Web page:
Reported monthly costs of DOACs in the two applications indicate that the costs for DOACs range widely between countries: from US$ 20–50 per month in Latin American countries, to US$ 90 per month in the United Kingdom, to up to US$ 600 per month in the United States and Canada.
A 2016 systematic review of 54 studies from 21 countries reporting cost-effectiveness analyses of DOACs (103) concluded that DOACs are cost-effective in several countries, independent of their health system, direct costs of DOACs and vitamin K antagonists, and costs of diseases. The authors defined a drug as cost-effective when the incremental cost-effectiveness ratio was below the willingness to pay value. Most studies used a conventional Markov decision analysis model, and the rate of events was gathered from the RCTs of DOACs.
This application updated the systematic review, including 64 cost-effectiveness analyses from 28 high- and middle-income countries. Most of them used same criteria, but newer cost-effectiveness analyses from the United States included costs from health care resource use and real-world data from health systems to determine rate of stroke and bleeding rather than data solely from randomized trials. All studies to date demonstrated that DOACs were a cost-effective strategy. The studies included in the updated systematic review are referenced in the application.
Application 2 - NVAF:
The application identified two systematic reviews of economic evaluation of any DOAC versus vitamin K antagonists in patients with AF.
The first article identified was a systematic review of cost-utility analyses of dabigatran, rivaroxaban or apixaban versus warfarin. This review included 18 primary studies conducted in North America and Europe. All but one used a Markov model to extrapolate long-term data basing the calculation on the effectiveness and safety results from landmark trials. The majority of the models used the perspective of the payer. Thirteen models compared dabigatran versus warfarin, four rivaroxaban versus warfarin and four apixaban versus warfarin. Although there was some inconsistency among the conclusions of the individual models, the large majority showed that DOACs were cost-effective with ICERs below the willingness-to-pay thresholds and sometimes dominant over warfarin (104).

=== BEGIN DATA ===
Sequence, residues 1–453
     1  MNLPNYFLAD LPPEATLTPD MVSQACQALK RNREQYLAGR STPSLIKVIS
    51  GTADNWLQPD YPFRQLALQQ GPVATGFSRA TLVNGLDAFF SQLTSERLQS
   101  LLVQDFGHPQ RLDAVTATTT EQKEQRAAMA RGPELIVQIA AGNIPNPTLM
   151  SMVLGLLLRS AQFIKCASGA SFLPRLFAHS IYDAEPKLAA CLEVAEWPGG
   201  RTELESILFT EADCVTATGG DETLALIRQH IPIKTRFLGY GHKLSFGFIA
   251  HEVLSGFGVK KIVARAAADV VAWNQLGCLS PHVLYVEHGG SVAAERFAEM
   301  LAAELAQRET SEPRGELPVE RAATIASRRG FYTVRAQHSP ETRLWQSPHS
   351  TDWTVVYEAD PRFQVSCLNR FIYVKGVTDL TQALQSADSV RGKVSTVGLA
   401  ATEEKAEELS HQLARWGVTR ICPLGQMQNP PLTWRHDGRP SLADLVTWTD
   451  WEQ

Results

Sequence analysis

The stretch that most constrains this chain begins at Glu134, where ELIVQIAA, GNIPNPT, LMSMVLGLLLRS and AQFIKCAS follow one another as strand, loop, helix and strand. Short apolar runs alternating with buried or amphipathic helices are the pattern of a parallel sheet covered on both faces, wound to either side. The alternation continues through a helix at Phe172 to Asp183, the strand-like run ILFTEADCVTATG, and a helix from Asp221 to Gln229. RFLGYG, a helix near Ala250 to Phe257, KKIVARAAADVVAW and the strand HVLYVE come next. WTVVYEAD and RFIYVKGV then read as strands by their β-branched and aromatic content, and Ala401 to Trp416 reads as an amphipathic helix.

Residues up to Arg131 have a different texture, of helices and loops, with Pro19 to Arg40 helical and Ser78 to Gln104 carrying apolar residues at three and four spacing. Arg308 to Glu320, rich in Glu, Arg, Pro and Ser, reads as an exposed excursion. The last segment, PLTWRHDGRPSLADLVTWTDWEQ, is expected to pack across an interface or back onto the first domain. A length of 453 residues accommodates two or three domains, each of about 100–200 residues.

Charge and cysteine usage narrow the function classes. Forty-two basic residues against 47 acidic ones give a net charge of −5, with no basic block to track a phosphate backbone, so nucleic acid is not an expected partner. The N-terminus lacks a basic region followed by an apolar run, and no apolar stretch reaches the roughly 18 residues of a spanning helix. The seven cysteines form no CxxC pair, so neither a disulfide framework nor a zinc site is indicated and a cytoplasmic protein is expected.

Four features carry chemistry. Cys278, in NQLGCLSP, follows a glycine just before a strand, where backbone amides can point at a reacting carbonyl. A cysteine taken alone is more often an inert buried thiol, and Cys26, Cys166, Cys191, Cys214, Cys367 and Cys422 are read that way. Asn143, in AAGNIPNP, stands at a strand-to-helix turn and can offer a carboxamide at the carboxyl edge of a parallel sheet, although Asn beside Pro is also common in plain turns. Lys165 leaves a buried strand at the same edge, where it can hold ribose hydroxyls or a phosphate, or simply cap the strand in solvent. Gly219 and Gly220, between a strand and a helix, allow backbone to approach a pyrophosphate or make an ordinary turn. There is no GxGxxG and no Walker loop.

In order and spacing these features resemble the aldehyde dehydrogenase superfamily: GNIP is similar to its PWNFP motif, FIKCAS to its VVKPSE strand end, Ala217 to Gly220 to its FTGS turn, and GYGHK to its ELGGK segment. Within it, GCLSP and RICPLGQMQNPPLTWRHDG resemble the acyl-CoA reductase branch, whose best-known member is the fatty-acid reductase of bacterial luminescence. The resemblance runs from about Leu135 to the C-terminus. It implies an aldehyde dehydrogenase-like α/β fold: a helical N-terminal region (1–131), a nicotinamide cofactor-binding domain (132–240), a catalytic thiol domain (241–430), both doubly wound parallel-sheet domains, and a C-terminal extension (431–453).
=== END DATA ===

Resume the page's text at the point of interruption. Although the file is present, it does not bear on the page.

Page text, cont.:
The second article identified was a systematic review of cost-utility analyses of apixaban versus warfarin. This review identified 26 primary studies conducted in North America, Latin America and Europe. All the studies except of one used a Markov model to extrapolate long-term data with the effectiveness and safety results from landmark trials. The majority of the models used the perspective of the payer with a lifetime horizon. The results showed that apixaban was cost-effective with incremental cost effectiveness ratios (ICERs) below the willingness-to-pay thresholds (105).
Application 2 – venous thromboembolism:
The application identified five cost comparisons between DOACs and VKA for patients with venous thromboembolism. Four reports suggested that DOACs are cost-saving compared with warfarin (106–109) and one study found an equivalent cost between DOACs and vitamin K antagonists (110).
In addition, the application identified 14 economic evaluations that compared the cost and effectiveness of DOACs versus vitamin K antagonists (107, 111–123). All suggested that DOACs are cost-effective compared to warfarin.
There are no WHO guidelines currently available for the treatment of NVAF or venous thromboembolism.
Oral anticoagulation with warfarin or DOACs (apixaban, dabigatran, rivaroxaban) in patients with atrial fibrillation (AF) at high risk of stroke based on a CHA2DS2-VASc score of 2 or more is recommended in multiple international guidelines (99–102).
For management of venous thromboembolism, recent, yet to be published, American and Latin American guidelines are reported to support short-term anticoagulation in individuals at low risk of recurrence and indefinite anticoagulation in individuals at high risk (e.g. unprovoked events). DOACs are the preferred alternative over warfarin.
Dabigatran, manufactured by Boehringer Ingelheim, apixaban, manufactured by Bristol-Myers Squibb, and rivaroxaban, manufactured by Bayer, all have wide global regulatory approval.
Edoxaban, manufactured by Daiichi Sanyko Company, has regulatory approval from regulatory authorities in the United States, Europe, Japan, Canada and Nigeria.
Comments on the applications were received from the WHO Department of Management of NCDs, Disability, Violence and Injury Prevention. The technical unit advised that it supported the addition of DOACs to the complementary list of the EML as they are effective medicines for which EML listing may improve equity by making them more accessible to patients, and driving costs down.